A spokesman for the F.T.C. declined to comment. The agency previously said it was “tracking recent developments at Twitter with deep concern.” Mr. Musk has said he plans to abide by the privacy agreement.
Jeff Seibert, a former head of consumer product at Twitter, called the company’s situation “sad” and “disappointing” and said Mr. Musk’s leadership had caused “confusion” for users, advertisers and employees. Twitter, which has long grappled with harassment and misinformation on its platform, “has been at the center of a maelstrom for a decade,” he said.
“Of all the companies that don’t need more drama, it’s Twitter,” Mr. Seibert added.
After Mr. Musk asked workers to decide whether to stay or go, employees were provided with an F.A.Q. document about exit packages on Wednesday. The F.A.Q., which was viewed by The Times, opened by saying Mr. Musk’s ultimatum was an “official company communication” and “not a phishing attempt.”
“As you have seen, Twitter is at the beginning of an exciting journey,” the document read.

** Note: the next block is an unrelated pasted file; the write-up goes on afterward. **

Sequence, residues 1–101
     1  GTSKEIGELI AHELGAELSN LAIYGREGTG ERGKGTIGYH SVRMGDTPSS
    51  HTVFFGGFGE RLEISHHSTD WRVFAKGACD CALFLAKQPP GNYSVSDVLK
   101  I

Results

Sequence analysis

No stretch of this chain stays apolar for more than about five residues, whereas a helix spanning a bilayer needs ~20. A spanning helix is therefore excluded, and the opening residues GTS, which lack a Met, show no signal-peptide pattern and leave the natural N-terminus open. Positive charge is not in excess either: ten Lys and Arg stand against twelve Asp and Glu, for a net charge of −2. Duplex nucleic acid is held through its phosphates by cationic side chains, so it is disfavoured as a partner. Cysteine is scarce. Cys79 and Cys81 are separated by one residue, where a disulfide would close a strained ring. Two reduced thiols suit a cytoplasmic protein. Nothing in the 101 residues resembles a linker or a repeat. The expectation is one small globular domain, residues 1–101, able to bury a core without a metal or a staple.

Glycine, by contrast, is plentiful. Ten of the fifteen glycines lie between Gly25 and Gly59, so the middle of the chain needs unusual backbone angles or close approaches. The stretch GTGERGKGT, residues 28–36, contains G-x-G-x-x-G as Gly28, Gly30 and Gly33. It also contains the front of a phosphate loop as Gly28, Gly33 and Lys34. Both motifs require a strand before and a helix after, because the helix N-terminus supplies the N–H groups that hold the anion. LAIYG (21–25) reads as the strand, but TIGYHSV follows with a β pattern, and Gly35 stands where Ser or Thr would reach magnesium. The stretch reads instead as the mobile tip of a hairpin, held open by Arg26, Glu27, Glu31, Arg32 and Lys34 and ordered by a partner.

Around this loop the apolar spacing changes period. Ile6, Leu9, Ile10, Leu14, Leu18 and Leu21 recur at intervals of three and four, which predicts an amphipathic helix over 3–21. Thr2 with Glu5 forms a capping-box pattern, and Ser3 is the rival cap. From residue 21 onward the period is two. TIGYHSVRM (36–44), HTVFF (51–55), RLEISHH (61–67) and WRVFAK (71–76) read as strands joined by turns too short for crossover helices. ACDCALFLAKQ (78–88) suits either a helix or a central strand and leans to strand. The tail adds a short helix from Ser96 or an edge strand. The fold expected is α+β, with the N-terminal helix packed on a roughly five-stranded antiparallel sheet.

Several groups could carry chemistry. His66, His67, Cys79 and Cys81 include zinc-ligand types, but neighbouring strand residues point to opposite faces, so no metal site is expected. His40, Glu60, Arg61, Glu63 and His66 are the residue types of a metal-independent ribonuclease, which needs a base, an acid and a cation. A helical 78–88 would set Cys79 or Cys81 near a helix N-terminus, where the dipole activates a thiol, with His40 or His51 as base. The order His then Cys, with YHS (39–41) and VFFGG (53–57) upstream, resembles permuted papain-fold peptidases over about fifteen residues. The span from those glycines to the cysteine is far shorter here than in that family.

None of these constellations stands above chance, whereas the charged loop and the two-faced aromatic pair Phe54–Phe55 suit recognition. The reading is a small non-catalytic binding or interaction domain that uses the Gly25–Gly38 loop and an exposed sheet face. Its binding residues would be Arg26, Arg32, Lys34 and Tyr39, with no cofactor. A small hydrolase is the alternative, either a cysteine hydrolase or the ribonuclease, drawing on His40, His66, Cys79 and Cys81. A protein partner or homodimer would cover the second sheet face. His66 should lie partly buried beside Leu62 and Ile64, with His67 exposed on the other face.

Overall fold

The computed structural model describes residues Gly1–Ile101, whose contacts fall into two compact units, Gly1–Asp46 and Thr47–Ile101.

The F.A.Q. added that employees would have to “maximize working from an office” and “work the hours necessary to do your job at the highest level,” including early mornings, late nights and weekends.
On Thursday morning, Twitter’s internal Slack messaging system appeared relatively quiet, according to two employees and logs seen by The Times. Mr. Musk’s team had spent part of this week combing through messages or tweets that criticized him and the company, which led to the firing of about two dozen workers on Tuesday.
Some employees on Slack had questions about severance packages or whether their jobs were “guaranteed” if they agreed to stay “with the new Twitter.” One employee posted lyrics from Pink Floyd’s song “Wish You Were Here” as others asked about the appropriate email addresses for human resource concerns, according to messages seen by The Times.